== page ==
Beberapa Gambar Sekitar Gerakerja Di Kawasan Jerai


Saturday, January 2, 2010

A Case for The Removal of Subsidies

I generally agree with the Government’s move to reduce the subsidy on sugar and remove it from white bread. I was also happy (although it also hit my pocket) that the Government reduced the subsidies on petrol.

Generally subsidies make us have a false sense of economic security and well being. It also gives us a false inflation indicator as the index is calculated based on the subsidised price and not the actual market price and cost. We then think we have more money in our pockets whilst in all fairness, our purchasing power has gone down. Because of subsidised pricing and this false sense of security, we tend to be clumsy on our spending and maybe even consume more, which in turn chalks up a higher subsidy bill for the Government and taxpayers.

Subsidies are also a lot like burnt money. They tend not to have a high multiplier effect on the economy but is just given to the supplier direct. For example, Malaysia’s subsidy bills runs up to approximately RM25 – RM30 billion. Imagine what the nation can do in terms of development, economic stimulus packages and so on if we have that much money in the nation’s pocket instead of it being burnt money.

So,in general, subsidies are bad for the economy in the long run. The gradual removal of subsidies, especially to the rich must be implemented and welcomed. For example, why should a person who can afford to buy a luxurious huge oil guzzler of 3.0 litres or more, be given the same amount of subsidy per litre petrol as a person driving a 1.6litre. More so the oil guzzler might have a 120l capacity tank compared to the smaller car which has a 70l capacity tank. In this regard, obviously, the Government subsidy on petrol is being enjoyed by the wrong group.

However, in reality, the Government still needs to subsidise for the poor and the needy, especially on basic and essential items like rice, sugar and so on. Certain economic activities like padi planting, farming, fishing and so on also must be subsidised. These are all part of the overall “Food Security Programme” for the country. It is better to subsidise these activities and ensure domestic production of these food types rather than import from outside and be exposed to the whims and fancies of foreign country suppliers.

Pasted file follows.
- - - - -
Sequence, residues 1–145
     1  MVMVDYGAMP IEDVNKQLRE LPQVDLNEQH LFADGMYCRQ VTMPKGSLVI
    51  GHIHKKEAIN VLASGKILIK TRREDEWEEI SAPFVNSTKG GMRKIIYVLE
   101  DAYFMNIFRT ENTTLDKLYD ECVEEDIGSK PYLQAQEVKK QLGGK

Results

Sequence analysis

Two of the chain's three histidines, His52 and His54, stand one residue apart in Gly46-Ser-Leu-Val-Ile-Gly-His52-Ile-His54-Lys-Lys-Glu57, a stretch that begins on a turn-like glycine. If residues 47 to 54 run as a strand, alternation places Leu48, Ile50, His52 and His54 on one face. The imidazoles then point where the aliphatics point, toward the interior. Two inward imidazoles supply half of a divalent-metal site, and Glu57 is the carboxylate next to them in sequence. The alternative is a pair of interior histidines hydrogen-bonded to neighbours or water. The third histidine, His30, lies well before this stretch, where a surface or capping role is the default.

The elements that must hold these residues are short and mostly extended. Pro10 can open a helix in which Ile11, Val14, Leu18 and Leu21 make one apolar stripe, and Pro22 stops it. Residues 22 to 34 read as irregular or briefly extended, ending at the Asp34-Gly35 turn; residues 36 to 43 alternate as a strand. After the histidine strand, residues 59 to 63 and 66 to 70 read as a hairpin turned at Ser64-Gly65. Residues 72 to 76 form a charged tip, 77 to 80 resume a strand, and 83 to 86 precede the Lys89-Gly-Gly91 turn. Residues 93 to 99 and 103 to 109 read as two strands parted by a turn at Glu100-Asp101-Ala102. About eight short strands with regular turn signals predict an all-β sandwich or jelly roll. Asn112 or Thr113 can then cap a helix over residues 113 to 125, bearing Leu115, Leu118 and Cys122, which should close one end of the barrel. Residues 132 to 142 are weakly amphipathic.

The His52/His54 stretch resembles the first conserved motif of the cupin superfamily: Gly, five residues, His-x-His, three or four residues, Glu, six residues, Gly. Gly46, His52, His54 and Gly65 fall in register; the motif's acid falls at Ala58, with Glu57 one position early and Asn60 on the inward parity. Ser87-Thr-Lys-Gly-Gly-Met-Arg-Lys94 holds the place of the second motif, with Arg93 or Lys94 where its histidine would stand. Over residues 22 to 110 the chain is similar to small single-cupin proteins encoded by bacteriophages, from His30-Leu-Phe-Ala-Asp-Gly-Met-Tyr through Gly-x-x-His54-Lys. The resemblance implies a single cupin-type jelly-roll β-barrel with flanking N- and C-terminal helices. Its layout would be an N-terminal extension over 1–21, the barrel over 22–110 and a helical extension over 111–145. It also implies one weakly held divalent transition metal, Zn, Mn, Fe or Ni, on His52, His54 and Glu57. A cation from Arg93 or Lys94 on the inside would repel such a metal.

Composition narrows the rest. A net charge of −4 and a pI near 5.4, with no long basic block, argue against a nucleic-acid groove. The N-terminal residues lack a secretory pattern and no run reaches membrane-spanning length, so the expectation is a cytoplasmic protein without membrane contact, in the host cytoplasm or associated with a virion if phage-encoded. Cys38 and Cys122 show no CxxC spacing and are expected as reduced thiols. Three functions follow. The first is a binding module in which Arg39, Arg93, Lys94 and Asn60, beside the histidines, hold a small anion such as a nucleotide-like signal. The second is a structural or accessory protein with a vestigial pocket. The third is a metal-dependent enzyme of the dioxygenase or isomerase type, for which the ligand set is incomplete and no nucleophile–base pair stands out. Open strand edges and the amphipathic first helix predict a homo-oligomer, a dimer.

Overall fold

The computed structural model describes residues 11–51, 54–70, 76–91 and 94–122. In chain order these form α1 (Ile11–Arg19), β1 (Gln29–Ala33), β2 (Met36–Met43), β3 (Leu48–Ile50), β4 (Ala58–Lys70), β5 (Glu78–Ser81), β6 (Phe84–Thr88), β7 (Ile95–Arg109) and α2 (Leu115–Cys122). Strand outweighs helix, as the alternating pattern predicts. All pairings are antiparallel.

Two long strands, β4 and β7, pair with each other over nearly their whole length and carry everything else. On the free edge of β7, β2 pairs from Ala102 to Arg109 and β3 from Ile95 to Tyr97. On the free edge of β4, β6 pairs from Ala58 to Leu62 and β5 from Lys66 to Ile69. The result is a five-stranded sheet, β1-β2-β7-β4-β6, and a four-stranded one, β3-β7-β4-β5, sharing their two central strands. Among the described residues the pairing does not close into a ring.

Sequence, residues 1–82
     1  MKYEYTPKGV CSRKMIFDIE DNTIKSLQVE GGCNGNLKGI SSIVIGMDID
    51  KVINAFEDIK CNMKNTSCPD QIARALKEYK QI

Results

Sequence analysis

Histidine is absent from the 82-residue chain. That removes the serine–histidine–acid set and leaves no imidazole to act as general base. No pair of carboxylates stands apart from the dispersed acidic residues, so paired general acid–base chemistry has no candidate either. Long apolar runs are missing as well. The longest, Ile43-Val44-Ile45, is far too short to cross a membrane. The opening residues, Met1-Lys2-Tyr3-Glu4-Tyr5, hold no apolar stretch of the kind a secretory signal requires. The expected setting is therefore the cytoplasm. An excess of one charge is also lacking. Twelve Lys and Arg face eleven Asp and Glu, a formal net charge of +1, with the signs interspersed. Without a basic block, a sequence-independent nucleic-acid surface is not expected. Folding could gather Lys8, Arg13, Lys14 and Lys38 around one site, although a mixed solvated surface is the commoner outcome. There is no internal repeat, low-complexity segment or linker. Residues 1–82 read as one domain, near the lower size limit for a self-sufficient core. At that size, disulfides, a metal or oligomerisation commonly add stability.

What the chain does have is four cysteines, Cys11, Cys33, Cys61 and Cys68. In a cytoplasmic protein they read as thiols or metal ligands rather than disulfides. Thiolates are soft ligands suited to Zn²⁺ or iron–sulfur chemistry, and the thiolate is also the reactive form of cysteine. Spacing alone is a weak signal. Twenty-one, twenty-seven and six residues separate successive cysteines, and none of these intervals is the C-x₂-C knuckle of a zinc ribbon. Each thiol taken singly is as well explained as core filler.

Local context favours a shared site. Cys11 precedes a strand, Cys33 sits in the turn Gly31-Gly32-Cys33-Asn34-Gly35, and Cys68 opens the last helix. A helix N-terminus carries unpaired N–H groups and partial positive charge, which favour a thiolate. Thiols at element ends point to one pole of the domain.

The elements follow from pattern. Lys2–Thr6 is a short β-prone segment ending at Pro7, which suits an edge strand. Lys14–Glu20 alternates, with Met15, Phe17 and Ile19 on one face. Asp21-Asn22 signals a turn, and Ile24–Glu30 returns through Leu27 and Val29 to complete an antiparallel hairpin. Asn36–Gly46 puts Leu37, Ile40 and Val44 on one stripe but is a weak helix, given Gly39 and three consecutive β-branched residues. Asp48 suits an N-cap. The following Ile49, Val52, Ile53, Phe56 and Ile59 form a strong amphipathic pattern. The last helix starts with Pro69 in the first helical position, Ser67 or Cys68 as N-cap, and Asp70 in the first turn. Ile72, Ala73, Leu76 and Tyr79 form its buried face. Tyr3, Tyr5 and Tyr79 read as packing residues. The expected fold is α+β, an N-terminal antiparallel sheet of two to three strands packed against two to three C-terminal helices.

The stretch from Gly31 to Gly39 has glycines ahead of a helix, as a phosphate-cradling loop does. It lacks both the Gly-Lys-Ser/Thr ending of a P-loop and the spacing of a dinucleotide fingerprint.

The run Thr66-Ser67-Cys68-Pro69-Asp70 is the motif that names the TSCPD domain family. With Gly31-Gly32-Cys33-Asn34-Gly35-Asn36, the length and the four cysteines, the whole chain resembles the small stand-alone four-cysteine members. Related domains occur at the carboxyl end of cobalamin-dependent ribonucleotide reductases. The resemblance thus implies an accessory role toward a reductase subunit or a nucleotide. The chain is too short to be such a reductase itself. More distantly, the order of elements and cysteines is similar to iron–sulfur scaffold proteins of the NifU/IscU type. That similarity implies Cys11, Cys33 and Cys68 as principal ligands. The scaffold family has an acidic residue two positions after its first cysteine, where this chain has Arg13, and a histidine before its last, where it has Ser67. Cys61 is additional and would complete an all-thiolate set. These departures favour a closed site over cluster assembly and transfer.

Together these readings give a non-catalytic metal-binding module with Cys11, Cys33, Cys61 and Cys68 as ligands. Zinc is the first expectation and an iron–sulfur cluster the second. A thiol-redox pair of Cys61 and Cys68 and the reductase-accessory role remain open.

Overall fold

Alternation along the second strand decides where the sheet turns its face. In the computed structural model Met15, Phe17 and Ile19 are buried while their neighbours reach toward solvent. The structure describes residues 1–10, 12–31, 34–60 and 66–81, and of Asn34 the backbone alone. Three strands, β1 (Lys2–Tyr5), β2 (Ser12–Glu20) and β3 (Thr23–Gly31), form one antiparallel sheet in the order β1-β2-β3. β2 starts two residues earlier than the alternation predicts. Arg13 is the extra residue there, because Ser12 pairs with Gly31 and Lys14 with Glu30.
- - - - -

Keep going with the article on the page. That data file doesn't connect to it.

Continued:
The removal of subsidies should be done gradually and smartly. Agreed that this will be an unpopular move politically but it must be done to ensure the country’s competitiveness and survival in the long run. The Government must clearly explain and justify to the rakyat the importance and the effects of the removal of these subsidies. At the same time, the Government must clearly show where all the money saved as a result of the removal of the subsides go to. A case in question is the reduction of the petrol subsidy. The Government declared that it would save RM4billion which would be used to improve transport facilities and so on. Even if the ensuing world petrol price hike had wiped out the total RM4b savings, this must be explained clearly and in detail to the Rakyat instead of a one off remark. The same goes for the savings for sugar, white bread subsidies and other subsidies in the future.

Though the Government means well, lack of communication and explanation will lead to confusion and speculation. The Rakyat will think that there is corruption and leakages in the Government machinery which is a worse political death knell than the removal of subsides for the rich initially.

Remove certain subsidies and re-strategise on certain other subsidies to ensure that the subsidies reach the right target group. At the same time, the Government machinery must be improved to ensure there is no abuse or wastage on these subsidies.

Tell the rakyat clearly where the savings from the removal of subsidies have gone to.

Ahmad Ikmal Ismail

Vice UMNO Division Chief Jerai

(sent this article to the media)


Anonymous said...

Agreed, have to do it but does the Government have the will power to do it? The opposition will have a field day.

vinnan said...

No matter how UMNO spins the subsidy removal, the rakyat will never forgive UMNO. UMNO will keep buying hyper inflated computers, use the BN componenet parties as front for massive corruption such as the PKFZ fiasco and commit outright piracy on the people by selling government property such as fighter jet engines The UMNO warlords and the mini UMNO warlords in the kampungs literally survive on the hyper inflated cost of goveernment acquisitions and projects. NO UMNO leader can survive for long without keeping these UMNO pirates happy.

Many Malays have come to see UMNO for the pirates that they are. Stop the 'gravy train' and UMNO dies. UMNO wants the rakyat to sacrifice without having to stop the 'gravy train. This is UMNO's dilemma